Migrants will also be screened for medical conditions, Reeves said.
A Multi-Agency Forum (MAF) involving government agencies, police and emergency services was also established in the region.
Reeves said the Home Office was working closely with Dorset Police to “ensure an adequate security regime”.
The statement said discussions were underway with the NHS about “the potential extent of medical facilities on the ground” to reduce the impact on local health services.
Communal recreation and exercise facilities have been made available to asylum seekers, and the Home Office is consulting with local volunteers and the community sector on the provision of activities, including English language training.
Reeves, who said he didn’t think tourism would be affected, added that detaining migrants was “the right thing to do.”
“Refugees are in the late stages of asylum assessment, so they have a strong incentive to comply with the law,” he said.
“They have no greater ambition than to be accepted in Britain, sometimes after escaping horrific situations.”
Last month, MP Richard Drax He criticized the Home Office for its plan to barge asylum seekers to Dorset.
He said he had not consulted the council, community and local authorities before the ship’s accommodation was “imposed on us.”
He said Interior Secretary Suera Braverman clarified in a written response to Drax that “immigrants living in self-contained sites … will be able to come and go as they please.”
“If asylum seekers do not return to the scene by 11pm, the team will call to confirm their welfare.
“This is not under curfew conditions. It will be based on tracking personal safety and well-being,” Braverman said.
Drax said the reason residents are against it is “simply that we don’t have the resources to deal with it.”
Addressing Immigration Minister Robert Jenrick, Drax said: .
“Minister, where are they going? What are they planning to do?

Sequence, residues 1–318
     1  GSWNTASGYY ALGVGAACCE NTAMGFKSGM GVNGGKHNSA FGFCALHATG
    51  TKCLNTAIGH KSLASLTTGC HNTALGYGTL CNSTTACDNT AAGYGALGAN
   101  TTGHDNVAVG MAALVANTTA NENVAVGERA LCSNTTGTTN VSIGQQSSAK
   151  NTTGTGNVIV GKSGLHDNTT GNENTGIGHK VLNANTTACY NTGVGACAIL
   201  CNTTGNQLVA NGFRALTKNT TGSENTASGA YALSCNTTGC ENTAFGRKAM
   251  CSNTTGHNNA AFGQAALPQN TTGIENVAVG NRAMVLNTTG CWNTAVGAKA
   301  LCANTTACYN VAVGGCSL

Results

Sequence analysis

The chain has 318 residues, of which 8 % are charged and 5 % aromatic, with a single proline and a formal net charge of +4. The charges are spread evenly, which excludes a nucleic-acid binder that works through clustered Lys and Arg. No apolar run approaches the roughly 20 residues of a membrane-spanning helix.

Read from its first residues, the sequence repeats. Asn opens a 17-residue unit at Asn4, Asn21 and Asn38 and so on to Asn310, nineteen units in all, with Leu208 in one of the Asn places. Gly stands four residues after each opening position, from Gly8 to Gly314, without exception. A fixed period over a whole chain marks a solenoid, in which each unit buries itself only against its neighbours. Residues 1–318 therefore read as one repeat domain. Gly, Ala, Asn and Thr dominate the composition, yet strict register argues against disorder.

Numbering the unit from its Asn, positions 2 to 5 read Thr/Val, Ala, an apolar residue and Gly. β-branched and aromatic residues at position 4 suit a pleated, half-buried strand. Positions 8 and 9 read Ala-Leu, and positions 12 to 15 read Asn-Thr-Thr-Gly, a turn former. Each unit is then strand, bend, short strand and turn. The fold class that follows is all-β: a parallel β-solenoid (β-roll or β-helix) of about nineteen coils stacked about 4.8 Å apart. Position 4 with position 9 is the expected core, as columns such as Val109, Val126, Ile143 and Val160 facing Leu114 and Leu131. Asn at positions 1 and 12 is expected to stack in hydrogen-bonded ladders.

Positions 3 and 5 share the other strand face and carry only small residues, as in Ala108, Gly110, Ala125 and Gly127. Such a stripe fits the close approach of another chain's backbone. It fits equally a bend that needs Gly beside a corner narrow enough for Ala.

“I don’t think it’s going to work. It’s just unrealistic and the medical service can’t provide the resources.”
Excess policing call
A Portland Port spokesperson said in a statement to The Epoch Times about the decision to remove cruise ship arrival times from its website: any port.
“Therefore, we recommend that you contact the cruise company concerned for the most up-to-date information.”
The barges are part of a series of schemes devised by the British government aimed at keeping asylum seekers away from expensive hotel accommodation.
According to the UK Home Office, asylum seekers can spend £6 million per day in hotels.
However, Dorset Council leaders and the County Police and Crime Commissioner (PCC) have expressed concerns about the port’s decision to allow the barges to dock.
PCC David Sidwick last week sought financing talks with Braverman for the extra security needed when the ship arrived.
The announcement was made after a small boat carrying migrants crossing the English Channel arrived in Dover, Kent, on Monday’s bank holiday.
A group of people were filmed at the dock after being rescued by a Border Patrol ship.
The interior ministry has not yet announced how many people arrived on Monday, but 135 people arrived on Saturday in three boats that were detected, and three more boats carried 134 people across the channel on Sunday. I came.
At least 6,500 migrants arrived via unauthorized routes this year.
PA Media contributed to this report.